“Calories in, calories out” will you please go now!

The time has come.

The time is now.

Just go.



I don’t care how.

“Calories in, calories out”

I don’t care how.

“Calories in, calories out”

Will you please


Next up: The Mobius strip of policy & the future of nutrition

Big Fat Liars

Since 1980, Americans have gotten progressively more lazy and gluttonous. As if this were not bad enough, apparently about 2/3 of the population—the fat 2/3 of the population—have also become unrepentant liars. Although we have no way to explain this precipitous decline in the moral fiber of Americans, we know it must be happening because Americans seem to be getting fatter and fatter even though many of these fat Americans report that they are not eating more calories than their normal-weight, honest, hard-working counterparts.

It seems that when we gave the USDA and HHS the responsibility for determining what food was healthy for each of as individuals, Government Approved Nutrition Experts also developed a magical ability (in Nutrition, we love magic!) to tell the difference between what was Truly True and what was a Big Fat Lie. Here’s a response I got to a food record assignment during an introductory Nutrition course:

Question: What are your barriers to meeting the MyPyramid recommendations? (In other words, what might prevent you from consuming the recommended amount of each food group?)
My answer (after describing the low-carb diet that I used to lose weight and improve my migraines):I have a history of glucose intolerance and overweight/obesity.  Past a certain point of consumption, carbohydrates make me gain weight, raise my blood     pressure, reduce my energy levels, give me migraines, make my blood sugar wonky, and leave me hungry and cranky.  I stick to fiber-rich, nutrient-dense, non-starchy vegetables for my carbohydrates, although I do eat fruit when it is in season locally.
Instructor’s response (I am not making this up):  It is actually the total calories that make you gain weight, not the carbohydrates.  The high fat intake would be more detrimental than the whole grains and fiber rich vegetables.  Refined carbohydrates would cause the symptoms you describe but using whole grains and high fiber fruits and vegetables should not do so.  You need carbohydrate for your brain to function.  It does not function on fat and protein calories.  In fact eating a low carbohydrate diet such as you describe would make you tired, give you migraines, make you hungry and cranky.

Silly me! Of course the Nutrition Expert knows what REALLY caused my weight gain and migraines. Obviously the lack of carbohydrate to my brain prevented me from realizing her innate superiority at understanding and interpreting my own personal experiences. Either that or I’m just a Big Fat Liar.

Let me introduce you to another Nutrition Expert with the magical ability to tell Truth from Fat People Fiction–Michael Pollan:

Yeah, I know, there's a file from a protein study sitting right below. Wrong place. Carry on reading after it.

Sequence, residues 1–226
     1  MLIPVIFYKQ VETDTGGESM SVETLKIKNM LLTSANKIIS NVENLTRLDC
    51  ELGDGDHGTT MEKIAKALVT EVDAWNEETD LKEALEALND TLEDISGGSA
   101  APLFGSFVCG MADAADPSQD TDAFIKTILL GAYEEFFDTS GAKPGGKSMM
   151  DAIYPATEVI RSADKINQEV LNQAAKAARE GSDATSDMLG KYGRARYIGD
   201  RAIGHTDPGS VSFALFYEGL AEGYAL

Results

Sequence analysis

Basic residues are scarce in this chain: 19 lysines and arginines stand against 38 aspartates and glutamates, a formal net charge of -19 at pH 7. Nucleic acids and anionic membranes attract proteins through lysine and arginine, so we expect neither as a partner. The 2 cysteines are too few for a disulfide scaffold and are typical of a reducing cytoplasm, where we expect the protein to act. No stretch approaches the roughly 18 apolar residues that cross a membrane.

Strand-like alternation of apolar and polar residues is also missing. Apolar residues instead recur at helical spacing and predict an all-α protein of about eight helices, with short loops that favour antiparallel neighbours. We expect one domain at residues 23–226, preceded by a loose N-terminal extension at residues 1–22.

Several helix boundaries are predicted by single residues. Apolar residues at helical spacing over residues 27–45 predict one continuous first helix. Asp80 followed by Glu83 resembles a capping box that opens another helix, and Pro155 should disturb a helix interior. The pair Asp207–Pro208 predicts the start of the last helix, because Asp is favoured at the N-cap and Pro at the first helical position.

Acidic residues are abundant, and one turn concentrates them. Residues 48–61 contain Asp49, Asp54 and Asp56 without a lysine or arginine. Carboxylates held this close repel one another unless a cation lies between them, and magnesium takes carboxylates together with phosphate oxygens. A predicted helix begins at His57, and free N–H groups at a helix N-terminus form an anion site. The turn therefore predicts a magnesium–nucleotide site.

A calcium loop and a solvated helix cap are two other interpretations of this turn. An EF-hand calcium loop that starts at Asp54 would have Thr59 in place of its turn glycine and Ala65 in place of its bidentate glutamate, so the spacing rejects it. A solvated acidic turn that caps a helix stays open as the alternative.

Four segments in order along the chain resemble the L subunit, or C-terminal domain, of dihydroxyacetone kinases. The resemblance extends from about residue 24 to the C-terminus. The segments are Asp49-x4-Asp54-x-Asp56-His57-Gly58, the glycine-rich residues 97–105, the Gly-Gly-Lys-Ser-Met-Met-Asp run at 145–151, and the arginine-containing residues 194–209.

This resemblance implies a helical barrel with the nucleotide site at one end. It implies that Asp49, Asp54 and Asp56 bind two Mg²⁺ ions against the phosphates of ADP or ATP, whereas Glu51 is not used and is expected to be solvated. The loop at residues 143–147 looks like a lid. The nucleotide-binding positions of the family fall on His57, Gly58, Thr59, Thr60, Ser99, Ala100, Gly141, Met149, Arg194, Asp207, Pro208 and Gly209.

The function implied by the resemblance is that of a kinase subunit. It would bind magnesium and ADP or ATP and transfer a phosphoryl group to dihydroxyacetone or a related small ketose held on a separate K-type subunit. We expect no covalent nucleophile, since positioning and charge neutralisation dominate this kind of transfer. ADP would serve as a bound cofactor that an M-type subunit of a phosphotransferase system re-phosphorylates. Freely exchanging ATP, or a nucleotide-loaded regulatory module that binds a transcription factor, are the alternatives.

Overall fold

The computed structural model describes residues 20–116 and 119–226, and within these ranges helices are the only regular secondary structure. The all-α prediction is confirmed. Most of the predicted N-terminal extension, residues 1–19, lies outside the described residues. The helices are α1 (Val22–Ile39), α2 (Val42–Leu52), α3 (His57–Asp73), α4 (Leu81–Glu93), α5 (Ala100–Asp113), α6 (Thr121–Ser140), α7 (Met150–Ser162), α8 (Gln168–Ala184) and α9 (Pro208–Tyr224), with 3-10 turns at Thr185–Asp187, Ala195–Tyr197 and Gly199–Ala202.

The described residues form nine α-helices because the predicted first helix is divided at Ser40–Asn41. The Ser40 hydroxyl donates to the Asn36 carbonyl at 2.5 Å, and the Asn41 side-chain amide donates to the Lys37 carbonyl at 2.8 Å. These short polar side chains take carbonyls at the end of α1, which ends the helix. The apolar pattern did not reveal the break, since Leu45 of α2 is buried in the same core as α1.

Consider: When the study began, the average participant weighed in at 170 pounds and claimed to be eating 1,800 calories a day. It would take an unusual metabolism to maintain that weight on so little food. And it would take an even freakier metabolism to drop only one or two pounds after getting down to a diet of 1,400 to 1,500 calories a day — as the women on the “low-fat” regimen claimed to have done. Sorry, ladies, but I just don’t buy it. (Pollan M. Unhappy Meals)

The women in the Women’s Health Initiative (to which Pollan refers) are: Female. Post-menopausal. Overweight. From my experience at the Duke Lifestyle Medicine Clinic (director, Dr. Eric Westman), just about any woman who met those three criteria exhibited this sort of “freaky metabolism.” Not only is it possible for a woman in that hormonal situation to maintain her weight on 1800 kcals/day, it may be absolutely impossible for her to lose weight on 1400-1500 kcals/day—if she’s eating foods that enhance fat storage and prevent fat utilization (carbs, I’m lookin’ at you). In fact, not only did I see many other women like this in clinic, I stopped losing weight myself (at 185 pounds) eating 1200-1500 calories a day—and I wasn’t even postmenopausal. But then, at that point, I wasn’t a Nutrition Expert either. Not like Michael Pollan.

I always wonder why Mr. Investigative Journalist/Nutrition Expert Pollan didn’t go out find a few real live overweight, post-menopausal women and ask them what their personal experiences were with weight loss instead of simply discounting the experiences—and calling into question the humanity and integrity—of the “ladies” in the study. Oh wait, if the ladies he interviews are overweight, they’d all just LIE to him!

Anyway, why ask a real person, when you have Science on your side? Here’s a nutrition textbook explaination just how it is that we KNOW fat people lie:

Another approach to check for underreporting is to compare reported usual energy intake with resting energy expenditure calculated using various equations . . . If a subject’s reported usual energy intake is <1.2 times his or her calculated REE, underreporting of energy, and therefore nutrient, intake is highly likely. (Lee & Nieman, 2007).

In other words, if fat people don’t eat as much as we think they should be eating according to calculations that are known to be notoriously inaccurate, they must be “underreporting” (this is a complicated Scientific Term that means “lying about”) how much they eat. In my current Obesity class at UNC, Dr. Andrew Swick has confirmed—through evaluations done in a metabolic chamber—that some overweight/obese women have energy requirements as low as 1200-1300 calories (hmm, “freaky metabolism” maybe?),  requirements that would be far below “calculated requirements” referred to above. Dr. Swick pointed out to us that some fat people don’t, in fact, eat that much food.